For Austria’s Head Coach, Richi Hauer, his interests align perfectly.
It’s nothing new in the lacrosse world that players and coaches typically have jobs different than what they are doing on the field. But there are always those fortunate enough to have some overlap, and have their personal and professional interests align. For many, that means doing something with lacrosse. Whether it be coaching in college, running club teams, working at camps, in sales, or for an equipment company, those tend to be the common themes.
Richie Hauer played for over 14 years in Austria, first picking up the game at a sports festival where you could try out several different sports. There was a lacrosse station that instantly captured his interest and he never looked back. He played in two World Championships, both 2010 and 2014, and now is the Austrian team’s Head Coach. He also spent time coaching women’s lacrosse and playing in the European Championships. But while his lacrosse experience is wonderful, what really stood out to me was after their game against Poland, I saw several of his players taking off small sensors which were under their pads.
As it turns out, Hauer is a researcher at the University of Vienna while working on his PhD, and is focusing on Sports Science and Training Theory and working to develop an physiological profile for lacrosse players.
He has already been working on this for a number of years, and it was the subject of his Master’s degree work. He began with box lacrosse players, and looking into their strength and conditioning methods. There would be a baseline test before as a control, then as he tracked their workouts and used that information to make adjustments, it would indicate whether or not using this information to improve their training performance. From there, he would also compare it to existing published data from college athletes to see how the profiles from different athletes or different sports would stack up.
So moving to the sensors his players were wearing, they have heart rate, GPS, and an accelerometer. The heart rate is rather self-explanatory, but the GPS is used to track distance covered in a game while the accelerometer will track impact force of player collisions. They sensors are all feeding information wirelessly in real time to a transmitter located off the field. If it were a practice, you could actively look up this information for each players with the sensors on to monitor performance. Being the head coach, Hauer has a few other things to attend to during games. Afterwards, he can open up his laptop to start seeing the physical toll that game took on his players. He can start evaluating questions like was a certain attackman running more than usual? Did a middie have a lower peak heart rate in a game compared to their past records? Was their FOGO taking more collisions that usual?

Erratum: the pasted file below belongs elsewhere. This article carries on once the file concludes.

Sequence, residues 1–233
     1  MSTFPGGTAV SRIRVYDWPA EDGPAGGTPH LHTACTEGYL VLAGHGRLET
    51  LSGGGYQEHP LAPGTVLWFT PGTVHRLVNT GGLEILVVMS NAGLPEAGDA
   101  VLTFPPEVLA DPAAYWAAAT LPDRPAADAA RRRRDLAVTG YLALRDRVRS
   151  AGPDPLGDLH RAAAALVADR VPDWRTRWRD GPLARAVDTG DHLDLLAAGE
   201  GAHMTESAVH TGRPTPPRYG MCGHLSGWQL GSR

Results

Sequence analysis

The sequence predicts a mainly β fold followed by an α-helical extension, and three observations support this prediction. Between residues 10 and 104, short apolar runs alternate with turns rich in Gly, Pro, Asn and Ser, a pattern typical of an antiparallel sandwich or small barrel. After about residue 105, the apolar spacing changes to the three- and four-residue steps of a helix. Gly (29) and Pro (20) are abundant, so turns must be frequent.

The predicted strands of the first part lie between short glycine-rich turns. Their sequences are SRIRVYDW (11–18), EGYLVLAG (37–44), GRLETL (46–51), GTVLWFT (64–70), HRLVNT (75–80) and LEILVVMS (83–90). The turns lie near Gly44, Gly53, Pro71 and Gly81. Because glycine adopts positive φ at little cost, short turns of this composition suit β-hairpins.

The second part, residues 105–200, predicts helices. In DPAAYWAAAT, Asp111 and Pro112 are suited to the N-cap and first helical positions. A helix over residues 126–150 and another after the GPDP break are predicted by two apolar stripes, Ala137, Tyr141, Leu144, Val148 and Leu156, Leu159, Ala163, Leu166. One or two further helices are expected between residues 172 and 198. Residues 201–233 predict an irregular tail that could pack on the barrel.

All this data for all players is recorded, and the software allows him to add notes to the timeline. You can track where the timeouts and hydration breaks were, halftime, quarter ends, etc. Basically anything that might help explain a different data curve, drop, or spike in a value. He is then able to sit down with this data and compare it to the normal coaching analysis that takes place. Watching film, tracking possessions, understanding the Xs and Os, matchups, and evaluating mistakes. He does use these more typical analytics ideas to better understand how his team is scoring, allowing goals, and tries to use it to put them in the best spot for success.
So what has this done for him so far?
The big thing is how this will pay off long term. For example, he now knows his attackmen will run anywhere from 6 to 8 kilometers each game. He can then see how those distances are broken down by sprints, jogs, and walking. He can see how much rest is in between the sprints and how intense they are. There is of course also seeing how many sprints they’ll do in a game and what the speed and distance are of them. Taking all this information in, there can be highly customized training plans developed for lacrosse players by position.
The other major potential benefit of this is injury prevention. While the impact sensors they wear do track collision, they are not intended for concussions. What they do track is the sudden stops and force involved. With all the attention that excessive contact is getting in our game, this type of information paired with other physiological information could be invaluable.
Finding out what he is working on and sitting down to see it first hand is one of my highlights of this tournament. While I do love all the stories I hear of teams overcoming obstacles to grow the sport in all these different countries, this is something that truly sets Austria apart. Hauer’s research is at a level which would even be considered advanced for teams in the United States or Canada.
More than anything, it shows how driven so many different people are to continue to advance this sport in new and exciting ways. So while this research will not result in a medal for Austria in 2018, it could mean they are able to produce better results in the future. And as other teams look at what is being done, it could elevate the performance of lacrosse players everywhere.